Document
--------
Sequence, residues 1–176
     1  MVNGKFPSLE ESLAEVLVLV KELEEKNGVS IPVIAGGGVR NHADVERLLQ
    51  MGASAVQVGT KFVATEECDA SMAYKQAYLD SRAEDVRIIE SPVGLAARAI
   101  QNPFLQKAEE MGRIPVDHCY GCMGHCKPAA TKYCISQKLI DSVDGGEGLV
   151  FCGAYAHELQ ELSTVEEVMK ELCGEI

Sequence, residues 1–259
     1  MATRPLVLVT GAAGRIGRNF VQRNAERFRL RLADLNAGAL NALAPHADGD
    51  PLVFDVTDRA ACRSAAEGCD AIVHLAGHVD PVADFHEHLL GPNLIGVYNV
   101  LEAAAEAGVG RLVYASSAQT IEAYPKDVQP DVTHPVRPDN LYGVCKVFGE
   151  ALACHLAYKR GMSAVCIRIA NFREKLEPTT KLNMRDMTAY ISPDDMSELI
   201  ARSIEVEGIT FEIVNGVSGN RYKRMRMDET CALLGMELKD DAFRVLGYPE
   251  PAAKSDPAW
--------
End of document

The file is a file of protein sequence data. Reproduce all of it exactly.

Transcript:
Sequence, residues 1–176
     1  MVNGKFPSLE ESLAEVLVLV KELEEKNGVS IPVIAGGGVR NHADVERLLQ
    51  MGASAVQVGT KFVATEECDA SMAYKQAYLD SRAEDVRIIE SPVGLAARAI
   101  QNPFLQKAEE MGRIPVDHCY GCMGHCKPAA TKYCISQKLI DSVDGGEGLV
   151  FCGAYAHELQ ELSTVEEVMK ELCGEI

Sequence, residues 1–259
     1  MATRPLVLVT GAAGRIGRNF VQRNAERFRL RLADLNAGAL NALAPHADGD
    51  PLVFDVTDRA ACRSAAEGCD AIVHLAGHVD PVADFHEHLL GPNLIGVYNV
   101  LEAAAEAGVG RLVYASSAQT IEAYPKDVQP DVTHPVRPDN LYGVCKVFGE
   151  ALACHLAYKR GMSAVCIRIA NFREKLEPTT KLNMRDMTAY ISPDDMSELI
   201  ARSIEVEGIT FEIVNGVSGN RYKRMRMDET CALLGMELKD DAFRVLGYPE
   251  PAAKSDPAW